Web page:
Saturday, October 20, 2012
Instant analysis: Alabama 44, Tennessee 13
By Greg Ostendorf
If he wasn’t before the game, Alabama quarterback AJ McCarron put himself in the conversation for the Heisman Trophy with his performance at Tennessee on Saturday. McCarron finished 17-of-22 for 306 yards with four touchdowns and no interceptions as the Crimson Tide cruised 44-13.
After a sluggish start in the first half, the running game picked up in the second half as Alabama finished with 233 yards on the ground. Freshman T.J. Yeldon led the way with 129 yards and two touchdowns, including one from 43 yards out.
The Bama defense did its part as well, holding Tyler Bray and the high-powered Tennessee offense in check throughout the game. Bray finished 13-of-27 for 184 yards with no touchdowns and two interceptions. Vols wide receiver Cordarrelle Patterson had just one catch in the game.
It was over when: Tennessee hung around in the first half, and had a chance to cut into the lead and make it a two-score game again late in the third quarter when Robert Lester intercepted Bray in the end zone. Alabama scored the next 14 points to put it away.
Game ball goes to: McCarron had a career night for Alabama, but the game ball goes to his go-to wide receiver, Amari Cooper. The true freshman put the Tide on the board first with a 23-yard touchdown reception, and he added another score in the second half on a 42-yard catch. Cooper finished with seven receptions for 162 yards and two touchdowns.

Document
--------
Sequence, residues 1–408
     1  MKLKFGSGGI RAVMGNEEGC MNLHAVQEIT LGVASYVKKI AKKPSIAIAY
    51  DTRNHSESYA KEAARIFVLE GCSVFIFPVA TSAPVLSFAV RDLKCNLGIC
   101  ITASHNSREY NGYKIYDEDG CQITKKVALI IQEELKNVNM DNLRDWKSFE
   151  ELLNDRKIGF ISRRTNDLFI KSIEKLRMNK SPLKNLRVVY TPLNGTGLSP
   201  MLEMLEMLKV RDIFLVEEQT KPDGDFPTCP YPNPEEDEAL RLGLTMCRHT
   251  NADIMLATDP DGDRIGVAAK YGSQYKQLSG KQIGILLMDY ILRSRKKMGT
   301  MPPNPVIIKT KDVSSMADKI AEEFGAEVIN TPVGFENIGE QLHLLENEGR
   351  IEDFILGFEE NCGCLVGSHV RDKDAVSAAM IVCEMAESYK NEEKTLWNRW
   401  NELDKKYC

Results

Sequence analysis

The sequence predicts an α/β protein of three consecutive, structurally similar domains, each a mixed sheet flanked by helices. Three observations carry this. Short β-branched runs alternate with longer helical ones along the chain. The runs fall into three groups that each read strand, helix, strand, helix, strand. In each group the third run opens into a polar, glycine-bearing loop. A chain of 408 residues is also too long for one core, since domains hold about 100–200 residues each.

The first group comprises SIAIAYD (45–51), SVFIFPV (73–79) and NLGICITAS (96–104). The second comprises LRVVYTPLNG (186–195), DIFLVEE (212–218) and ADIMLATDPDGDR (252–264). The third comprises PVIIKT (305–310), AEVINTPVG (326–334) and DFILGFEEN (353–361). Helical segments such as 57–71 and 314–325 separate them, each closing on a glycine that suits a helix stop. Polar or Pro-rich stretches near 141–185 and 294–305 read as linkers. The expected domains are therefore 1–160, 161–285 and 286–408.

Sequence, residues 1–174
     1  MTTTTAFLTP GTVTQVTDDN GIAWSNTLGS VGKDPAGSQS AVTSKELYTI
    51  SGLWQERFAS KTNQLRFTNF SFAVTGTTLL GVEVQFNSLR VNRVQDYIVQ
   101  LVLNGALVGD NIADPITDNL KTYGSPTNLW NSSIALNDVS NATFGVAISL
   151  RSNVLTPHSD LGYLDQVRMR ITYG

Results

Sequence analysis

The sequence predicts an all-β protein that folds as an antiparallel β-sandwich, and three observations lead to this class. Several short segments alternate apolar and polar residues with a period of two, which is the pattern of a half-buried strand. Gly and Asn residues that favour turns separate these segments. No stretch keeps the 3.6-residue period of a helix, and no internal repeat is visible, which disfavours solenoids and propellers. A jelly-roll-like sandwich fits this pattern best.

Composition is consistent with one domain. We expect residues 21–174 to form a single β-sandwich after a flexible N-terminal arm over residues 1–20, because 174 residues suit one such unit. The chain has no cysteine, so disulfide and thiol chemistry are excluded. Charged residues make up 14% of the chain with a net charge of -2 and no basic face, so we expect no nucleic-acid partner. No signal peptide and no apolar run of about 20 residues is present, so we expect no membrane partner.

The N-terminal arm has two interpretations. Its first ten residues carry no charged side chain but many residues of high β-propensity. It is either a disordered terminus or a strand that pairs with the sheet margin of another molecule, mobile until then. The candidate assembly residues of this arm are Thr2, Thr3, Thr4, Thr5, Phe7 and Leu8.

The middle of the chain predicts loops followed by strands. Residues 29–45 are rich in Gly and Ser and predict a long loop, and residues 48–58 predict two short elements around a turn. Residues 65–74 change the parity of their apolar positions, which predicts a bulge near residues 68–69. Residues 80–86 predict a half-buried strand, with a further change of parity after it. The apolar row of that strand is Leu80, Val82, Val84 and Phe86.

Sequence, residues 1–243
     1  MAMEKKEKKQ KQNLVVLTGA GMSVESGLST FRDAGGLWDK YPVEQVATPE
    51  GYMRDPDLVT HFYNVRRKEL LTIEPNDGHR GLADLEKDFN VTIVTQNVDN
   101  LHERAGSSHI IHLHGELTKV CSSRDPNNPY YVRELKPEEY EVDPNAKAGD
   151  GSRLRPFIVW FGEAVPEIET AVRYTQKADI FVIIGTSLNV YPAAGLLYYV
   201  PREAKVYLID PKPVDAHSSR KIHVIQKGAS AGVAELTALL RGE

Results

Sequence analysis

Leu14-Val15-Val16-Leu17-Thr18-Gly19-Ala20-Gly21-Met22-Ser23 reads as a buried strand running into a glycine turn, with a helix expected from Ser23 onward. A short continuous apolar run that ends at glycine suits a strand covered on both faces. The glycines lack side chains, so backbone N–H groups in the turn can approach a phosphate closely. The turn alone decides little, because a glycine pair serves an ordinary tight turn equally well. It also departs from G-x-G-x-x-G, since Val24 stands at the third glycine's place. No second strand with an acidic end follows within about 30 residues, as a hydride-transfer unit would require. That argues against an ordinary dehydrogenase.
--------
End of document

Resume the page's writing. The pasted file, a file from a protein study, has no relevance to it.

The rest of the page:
Stat of the game: Alabama’s offense finished with 539 total yards of offense against Tennessee. It’s the second week in a row and the third time in the past four games that the Tide have gained more than 500 yards of total offense.
What it means for Alabama: Many thought this would be the first real test for the Tide defense, and if it was, it passed with flying colors. Combined with the performance from McCarron and Yeldon on the offensive side of the ball, Alabama showed why it’s still the No. 1 team in the country. The Tide won’t look ahead with an undefeated Mississippi State team visiting next week, but it’s never too early to eye the showdown at LSU in two weeks.
What it means for Tennessee: The stool Derek Dooley was supposed to sit on during the game just got a little warmer. Tennessee now has lost its first four SEC games to start the season, and it doesn’t get any easier next week with a road game at South Carolina. The Volunteers finish with Missouri, Vanderbilt and Kentucky, but any less than six wins could signal the end of the Dooley era in Knoxville.